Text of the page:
On the evening of 9 March 1844, two years to the day after the formidable success of Nabucco at La Scala, which really started Verdi’s career, Venetians enthusiastically welcomed the first opera the Maestro had created for La Fenice. The triumph of Ernani, whose lovely arias were being hummed even before the premiere, firmly established Verdi’s position as he was setting out on what he called his “years in the galley”. From then on he had to compose ceaselessly, one or two works a year, in order to meet the requests from opera directors. The public was clamouring for Verdi, still and always. After his great portraits Nabucco and I Lombardi, the composer was looking for a libretto that would be equally grandiose but different, for which he wanted: “a lot of fire, tremendous action and conciseness.” He finally chose Hernani, the Victor Hugo drama that in 1830 had led to a famous “battle” between the classics and the romantics under the wainscoting of the Comédie-Française. For this initial incursion into the world of Hugo, the libretto was written in close collaboration with the young Francesco Maria Piava, who became the Maestro’s best partner for ten of his operas. Constantly struggling against the Austrian censors who were very active in Venice, Verdi built his work around the measure of his music, which took priority over everything. The extraordinary melodic inventiveness, the ardent rhythms and dramatic colours of the orchestration contribute to the power of this flamboyant opera that plays out with the excitement and panache of a cloak-and-sabre novel. The plot revolves around a woman, Elvira, a fragile heroine, coveted by three men: Ernani, a passionate romantic tenor; Carlo, king of Spain, a baritone with ambiguous and disenchanted accents; and Silva, bass, the abusive uncle. These three archetypical male voices, which will appear in later works as well, are combined here to produce the greatest dramatic effect. Verdi himself designed the final trio reuniting Elvira, Ernani and Silva as the starting point for new formal research that would lead to Don Carlo.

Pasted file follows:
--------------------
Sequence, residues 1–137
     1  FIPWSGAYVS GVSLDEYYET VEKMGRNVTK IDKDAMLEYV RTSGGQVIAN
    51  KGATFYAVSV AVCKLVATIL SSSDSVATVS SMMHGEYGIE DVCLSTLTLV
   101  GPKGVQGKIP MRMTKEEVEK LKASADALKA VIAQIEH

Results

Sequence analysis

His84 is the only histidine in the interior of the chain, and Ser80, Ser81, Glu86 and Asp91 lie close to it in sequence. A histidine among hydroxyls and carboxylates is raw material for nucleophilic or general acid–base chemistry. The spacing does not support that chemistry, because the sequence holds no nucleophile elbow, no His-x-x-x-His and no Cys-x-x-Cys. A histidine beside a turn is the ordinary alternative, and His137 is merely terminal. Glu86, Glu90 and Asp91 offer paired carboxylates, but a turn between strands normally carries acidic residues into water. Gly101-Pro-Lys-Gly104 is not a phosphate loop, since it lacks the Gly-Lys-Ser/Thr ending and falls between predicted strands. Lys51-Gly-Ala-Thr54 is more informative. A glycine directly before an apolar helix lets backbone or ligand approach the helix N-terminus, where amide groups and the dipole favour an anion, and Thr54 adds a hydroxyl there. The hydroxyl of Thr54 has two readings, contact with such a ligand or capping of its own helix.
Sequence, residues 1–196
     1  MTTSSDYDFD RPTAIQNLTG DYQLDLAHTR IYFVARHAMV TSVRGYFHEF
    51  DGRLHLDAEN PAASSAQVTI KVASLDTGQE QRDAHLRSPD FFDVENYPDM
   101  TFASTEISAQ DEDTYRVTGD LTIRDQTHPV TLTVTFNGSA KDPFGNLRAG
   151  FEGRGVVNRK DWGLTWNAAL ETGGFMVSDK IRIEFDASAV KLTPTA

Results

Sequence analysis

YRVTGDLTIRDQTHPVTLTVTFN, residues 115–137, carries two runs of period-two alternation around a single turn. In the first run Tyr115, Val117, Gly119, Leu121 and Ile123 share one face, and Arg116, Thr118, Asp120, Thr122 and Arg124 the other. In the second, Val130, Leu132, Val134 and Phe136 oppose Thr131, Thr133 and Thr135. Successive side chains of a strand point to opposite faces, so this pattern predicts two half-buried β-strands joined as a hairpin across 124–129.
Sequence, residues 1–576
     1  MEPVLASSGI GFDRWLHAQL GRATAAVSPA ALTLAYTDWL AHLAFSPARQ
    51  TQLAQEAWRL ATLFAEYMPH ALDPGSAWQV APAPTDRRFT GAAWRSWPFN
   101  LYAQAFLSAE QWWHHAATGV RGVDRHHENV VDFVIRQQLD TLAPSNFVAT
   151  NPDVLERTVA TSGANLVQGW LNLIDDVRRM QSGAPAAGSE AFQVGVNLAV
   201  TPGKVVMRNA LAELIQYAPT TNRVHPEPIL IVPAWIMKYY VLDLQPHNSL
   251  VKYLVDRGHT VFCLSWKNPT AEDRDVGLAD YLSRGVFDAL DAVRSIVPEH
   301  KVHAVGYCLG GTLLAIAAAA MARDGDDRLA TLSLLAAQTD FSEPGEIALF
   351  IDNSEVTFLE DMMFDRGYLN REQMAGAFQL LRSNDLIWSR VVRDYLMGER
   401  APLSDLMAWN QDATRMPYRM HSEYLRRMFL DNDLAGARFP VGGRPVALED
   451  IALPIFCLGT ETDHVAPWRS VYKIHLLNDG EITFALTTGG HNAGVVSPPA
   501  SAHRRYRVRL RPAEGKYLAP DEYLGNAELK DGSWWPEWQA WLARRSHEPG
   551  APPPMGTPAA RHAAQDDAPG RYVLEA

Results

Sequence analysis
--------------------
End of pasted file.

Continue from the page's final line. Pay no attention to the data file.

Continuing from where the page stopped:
The action takes place in Spain in 1519. After the murder of his father, Don Juan of Aragon has become Ernani, leader of a troop of mountain rebels. Outlawed and pursued by the emissaries of Don Carlo, King of Castile, he loves and is loved by Elvira, but their love is impossible, as she is to wed an older relative, Ruy Gomez de Silva. The girl is also faced with the advances of Don Carlo, who is to become emperor under the name of Charles V. Ernani decides to kidnap his beloved just as Don Carlo is revealing his love to her. The three protagonists are surprised by Silva, who must bow before his king, whilst Ernani is able to flee. But the young man returns to Silva’s castle on the day of his wedding to Elvira. Silva, faithful to the laws of hospitality, refuses to turn over his outlaw rival to Don Carlo, who takes Elvira with him as a pledge of Silva’s loyalty. Ernani then enters into a pact with Silva: they will fight the king to save Elvira’s honour, then, as soon as the old man decides, he will sound his horn, which he entrusts to him to indicate to Ernani when it is time to die. Carlo, now Emperor Charles V, grants clemency to the conspirators and allows Ernani and Elvira to wed. But the sound of the horn rings out in the midst of the rejoicing. Silva, unyielding, demands what he is owed: the life of Ernani, who keeps his word by stabbing himself as the rejoicing old man looks on.
The Bandit. Don Juan of Aragon, outlawed and pursued, becomes the bandit Ernani. He and his men plan to go and carry off the one who shares his love, Elvira, to save her from an odious marriage to old Silva. In her apartments, Elvira laments: “Ernani, Ernani, involami….” Don Carlo, King of Castile, presents himself to the young woman and declares his love for her. Ernani joins them. As the two rivals face off, they are surprised by Silva, who must bow before the king and agree to let Ernani go.
The Guest. Elvira, who has been deceived by the announcement of Ernani’s death, prepares to wed Silva. But the young man shows up disguised as a pilgrim. He becomes the guest of Silva, who protects and hides him as required by the honour of a Spanish Grandee. When Don Carlo demands that he again be banished, the old man refuses despite the king’s fury, with the king turning against him and taking Elvira away as hostage. After Don Carlo leaves, Ernani refuses a duel with Silva, to whom he proposes a pact: he swears to agree to die as soon as Silva gives him the signal, by sounding a horn he gives him, so long as they can join forces against the king in order to save Elvira.
Clemency. Don Carlo, now Emperor Charles V, meditating before Charlemagne’s tomb in the cathedral of Aix-la-Chapelle. He gives himself over to sombre thoughts in “O de’verdi anni miei”. He hears conspirators approaching. “Si redesti il Leon di Castiglia.” Ernani has been chosen to kill the new emperor, who ultimately chooses to pardon him, touched by Elvira’s pleading. He will even allow the two young people finally reunited to marry.
The Mask. The wedding festivities are ominously interrupted by the sound of the horn echoing three times, signifying to the unfortunate Ernani that it is time to fulfil his dark vow. He pleads with the inflexible Silva: “Solingo, errante misero.” Elvira’s prayers are equally unsuccessful. At the end of a great trio, Ernani, faithful to his sense of honour, stabs himself as Silva looks on, implacable, while Elvira collapses, destroyed by grief.